While gingivitis can be uncomfortable, aesthetically unattractive, and sometimes cause powerful bad breath, it can also lead to other more serious dental conditions. Early detection of gingivitis, when it affects the tops of your gums, can be treated to stop the spread before it becomes a more serious condition.
Periodontitis, classified as inflammation of areas around the teeth, is another gum disease that is much more difficult to treat and more painful than gingivitis. Periodontitis damages all the tissue around your teeth, leading to tooth decay, tooth loss, and even bone loss if left untreated.
It is much better for your wallet and especially for your health and well-being to treat gingivitis and stop it in its tracks before it can progress. Plus, this is an uncomfortable and sometimes painful condition.
This much more serious disease is dangerous and can lead to many other issues, like gum disease, gum rot, tooth loss, and surgery.
How Can I Prevent Gingivitis?
The number one thing you can do to prevent gingivitis is practicing consistent oral hygiene, including brushing with a soft-bristled toothbrush twice daily and flossing once daily.
When brushing your teeth, do not neglect your gums or tongue, and be gentle on yourself—no harsh scrubbing or violent strokes. Make sure to brush your teeth for at least ninety seconds, getting every part of your mouth.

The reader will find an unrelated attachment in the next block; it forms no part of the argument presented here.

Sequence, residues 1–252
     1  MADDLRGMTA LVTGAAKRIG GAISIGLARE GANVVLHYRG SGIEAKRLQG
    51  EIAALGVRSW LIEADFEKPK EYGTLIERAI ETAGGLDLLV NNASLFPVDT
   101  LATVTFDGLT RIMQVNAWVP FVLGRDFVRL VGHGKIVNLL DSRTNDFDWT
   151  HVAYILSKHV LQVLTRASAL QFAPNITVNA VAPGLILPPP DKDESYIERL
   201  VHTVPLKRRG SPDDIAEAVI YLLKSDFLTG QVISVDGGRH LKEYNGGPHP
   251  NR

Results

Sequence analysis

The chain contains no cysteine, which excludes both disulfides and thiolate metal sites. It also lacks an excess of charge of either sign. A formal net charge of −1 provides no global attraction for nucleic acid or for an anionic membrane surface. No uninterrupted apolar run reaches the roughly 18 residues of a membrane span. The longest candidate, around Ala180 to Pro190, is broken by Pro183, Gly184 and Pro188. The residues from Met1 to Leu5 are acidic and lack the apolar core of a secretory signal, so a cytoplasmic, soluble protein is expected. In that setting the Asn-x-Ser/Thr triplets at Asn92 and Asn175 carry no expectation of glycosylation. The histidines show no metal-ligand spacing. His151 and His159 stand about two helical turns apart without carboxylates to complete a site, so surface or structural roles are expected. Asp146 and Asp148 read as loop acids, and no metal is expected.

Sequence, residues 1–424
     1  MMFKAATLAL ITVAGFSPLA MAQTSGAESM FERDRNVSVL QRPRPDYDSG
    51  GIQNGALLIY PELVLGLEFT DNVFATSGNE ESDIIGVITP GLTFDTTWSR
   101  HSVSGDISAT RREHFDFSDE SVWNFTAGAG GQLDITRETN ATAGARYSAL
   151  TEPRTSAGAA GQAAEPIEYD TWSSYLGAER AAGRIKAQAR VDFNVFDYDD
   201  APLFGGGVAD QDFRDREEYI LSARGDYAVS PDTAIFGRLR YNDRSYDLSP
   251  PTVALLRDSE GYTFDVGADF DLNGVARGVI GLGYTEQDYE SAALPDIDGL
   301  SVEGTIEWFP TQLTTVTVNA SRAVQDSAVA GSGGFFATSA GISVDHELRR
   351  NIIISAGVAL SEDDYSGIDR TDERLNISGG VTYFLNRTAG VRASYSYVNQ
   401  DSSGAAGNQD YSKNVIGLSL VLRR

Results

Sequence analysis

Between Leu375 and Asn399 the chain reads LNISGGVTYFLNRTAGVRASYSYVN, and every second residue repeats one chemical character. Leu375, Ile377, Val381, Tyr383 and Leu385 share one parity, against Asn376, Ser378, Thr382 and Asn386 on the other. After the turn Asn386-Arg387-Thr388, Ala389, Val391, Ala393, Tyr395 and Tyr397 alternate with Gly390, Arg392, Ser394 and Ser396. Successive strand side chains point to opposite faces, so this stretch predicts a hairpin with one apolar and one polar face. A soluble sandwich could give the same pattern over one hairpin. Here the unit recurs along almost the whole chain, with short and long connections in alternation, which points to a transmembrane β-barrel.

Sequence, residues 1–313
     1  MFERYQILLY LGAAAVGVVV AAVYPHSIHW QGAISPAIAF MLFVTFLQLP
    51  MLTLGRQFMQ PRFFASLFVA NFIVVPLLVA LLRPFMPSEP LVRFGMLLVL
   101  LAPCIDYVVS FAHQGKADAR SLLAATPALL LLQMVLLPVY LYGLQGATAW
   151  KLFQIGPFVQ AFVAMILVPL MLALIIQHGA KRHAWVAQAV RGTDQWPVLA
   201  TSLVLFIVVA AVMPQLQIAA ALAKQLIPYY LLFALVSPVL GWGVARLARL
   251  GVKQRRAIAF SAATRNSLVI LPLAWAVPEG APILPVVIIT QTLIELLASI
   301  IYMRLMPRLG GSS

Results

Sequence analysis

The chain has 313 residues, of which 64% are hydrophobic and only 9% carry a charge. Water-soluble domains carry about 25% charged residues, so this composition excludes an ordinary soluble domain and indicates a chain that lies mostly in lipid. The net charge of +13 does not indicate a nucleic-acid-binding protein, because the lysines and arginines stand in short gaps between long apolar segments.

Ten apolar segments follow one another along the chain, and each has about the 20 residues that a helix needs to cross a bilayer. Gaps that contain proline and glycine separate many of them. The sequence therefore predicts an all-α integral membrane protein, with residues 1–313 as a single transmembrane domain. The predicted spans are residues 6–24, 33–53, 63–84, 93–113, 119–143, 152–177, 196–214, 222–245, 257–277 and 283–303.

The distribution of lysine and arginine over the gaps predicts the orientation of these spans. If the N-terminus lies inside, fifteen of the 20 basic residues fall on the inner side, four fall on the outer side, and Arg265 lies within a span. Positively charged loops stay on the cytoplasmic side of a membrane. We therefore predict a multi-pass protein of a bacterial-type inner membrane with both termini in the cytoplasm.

The other piece of daily oral hygiene is flossing. Whether you choose to use disposable floss picks or a traditional spool of floss, it’s important to ensure you floss between each tooth. Also, make sure to bring the floss down to the gumline using a zig-zag motion and then back up; this is especially important for the teeth in the back.
Regular Dental Checkups
Combined with daily brushing and flossing, the best way to prevent gingivitis is to visit your dentist for regular dental checkups and cleanings. It is recommended that you visit your dentist every six months for a thorough teeth cleaning that removes long-term plaque buildup with special care given to the gum line.
During the routine exam, the dentist can assess your oral health, whether or not you’re brushing and flossing regularly, and whether your teeth show signs of gingivitis or other diseases.
Gingivitis is reversible if caught in the early stages, so a thorough cleaning and continued care at home can reverse the signs.
A regular six-month checkup will likely include:
- Mouth cancer check
- Check for tooth decay and gum disease
- Teeth cleaning
- Check the status of any fillings and other dental work
If you are at risk for gingivitis or think you may have symptoms, our team of professional dentists and hygienists at Family Dental Health Center can help. Our office strives to create a comfortable environment for our patients.
For over 40 years, we have educated patients and provided quality personalized care with the latest dental technology.
Call us today for an appointment; we can work as your partner to ensure healthy teeth and gums for years to come.